If you want to opt out of all of our lead reports and lists, please submit a privacy request at our Do Not Sell page.

Save Settings
Cookie Preferences Cookie List

Cookie List

A cookie is a small piece of data (text file) that a website – when visited by a user – asks your browser to store on your device in order to remember information about you, such as your language preference or login information. Those cookies are set by us and called first-party cookies. We also use third-party cookies – which are cookies from a domain different than the domain of the website you are visiting – for our advertising and marketing efforts. More specifically, we use cookies and other tracking technologies for the following purposes:

Strictly Necessary Cookies

We do not allow you to opt-out of our certain cookies, as they are necessary to ensure the proper functioning of our website (such as prompting our cookie banner and remembering your privacy choices) and/or to monitor site performance. These cookies are not used in a way that constitutes a “sale” of your data under the CCPA. You can set your browser to block or alert you about these cookies, but some parts of the site will not work as intended if you do so. You can usually find these settings in the Options or Preferences menu of your browser. Visit www.allaboutcookies.org to learn more.

Functional Cookies

We do not allow you to opt-out of our certain cookies, as they are necessary to ensure the proper functioning of our website (such as prompting our cookie banner and remembering your privacy choices) and/or to monitor site performance. These cookies are not used in a way that constitutes a “sale” of your data under the CCPA. You can set your browser to block or alert you about these cookies, but some parts of the site will not work as intended if you do so. You can usually find these settings in the Options or Preferences menu of your browser. Visit www.allaboutcookies.org to learn more.

Performance Cookies

We do not allow you to opt-out of our certain cookies, as they are necessary to ensure the proper functioning of our website (such as prompting our cookie banner and remembering your privacy choices) and/or to monitor site performance. These cookies are not used in a way that constitutes a “sale” of your data under the CCPA. You can set your browser to block or alert you about these cookies, but some parts of the site will not work as intended if you do so. You can usually find these settings in the Options or Preferences menu of your browser. Visit www.allaboutcookies.org to learn more.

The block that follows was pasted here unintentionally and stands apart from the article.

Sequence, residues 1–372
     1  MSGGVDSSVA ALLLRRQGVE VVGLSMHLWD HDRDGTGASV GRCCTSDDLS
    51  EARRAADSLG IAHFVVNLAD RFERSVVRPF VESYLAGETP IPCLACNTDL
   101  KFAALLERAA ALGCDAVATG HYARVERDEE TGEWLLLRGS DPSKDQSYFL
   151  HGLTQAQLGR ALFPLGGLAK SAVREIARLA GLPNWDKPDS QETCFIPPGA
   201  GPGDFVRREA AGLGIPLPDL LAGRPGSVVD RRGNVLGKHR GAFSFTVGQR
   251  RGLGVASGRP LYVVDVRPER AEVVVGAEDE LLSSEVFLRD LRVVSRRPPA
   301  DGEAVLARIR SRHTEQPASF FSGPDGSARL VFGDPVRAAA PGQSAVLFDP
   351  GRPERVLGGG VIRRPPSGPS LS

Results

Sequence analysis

Sale of Personal Data

We also use cookies to personalize your experience on our websites, including by determining the most relevant content and advertisements to show you, and to monitor site traffic and performance, so that we may improve our websites and your experience. You may opt out of our use of such cookies (and the associated “sale” of your Personal Information) by using this toggle switch. You will still see some advertising, regardless of your selection. Because we do not track you across different devices, browsers and GEMG properties, your selection will take effect only on this browser, this device and this website.

Social Media Cookies

We also use cookies to personalize your experience on our websites, including by determining the most relevant content and advertisements to show you, and to monitor site traffic and performance, so that we may improve our websites and your experience. You may opt out of our use of such cookies (and the associated “sale” of your Personal Information) by using this toggle switch. You will still see some advertising, regardless of your selection. Because we do not track you across different devices, browsers and GEMG properties, your selection will take effect only on this browser, this device and this website.

Targeting Cookies

We also use cookies to personalize your experience on our websites, including by determining the most relevant content and advertisements to show you, and to monitor site traffic and performance, so that we may improve our websites and your experience. You may opt out of our use of such cookies (and the associated “sale” of your Personal Information) by using this toggle switch. You will still see some advertising, regardless of your selection. Because we do not track you across different devices, browsers and GEMG properties, your selection will take effect only on this browser, this device and this website.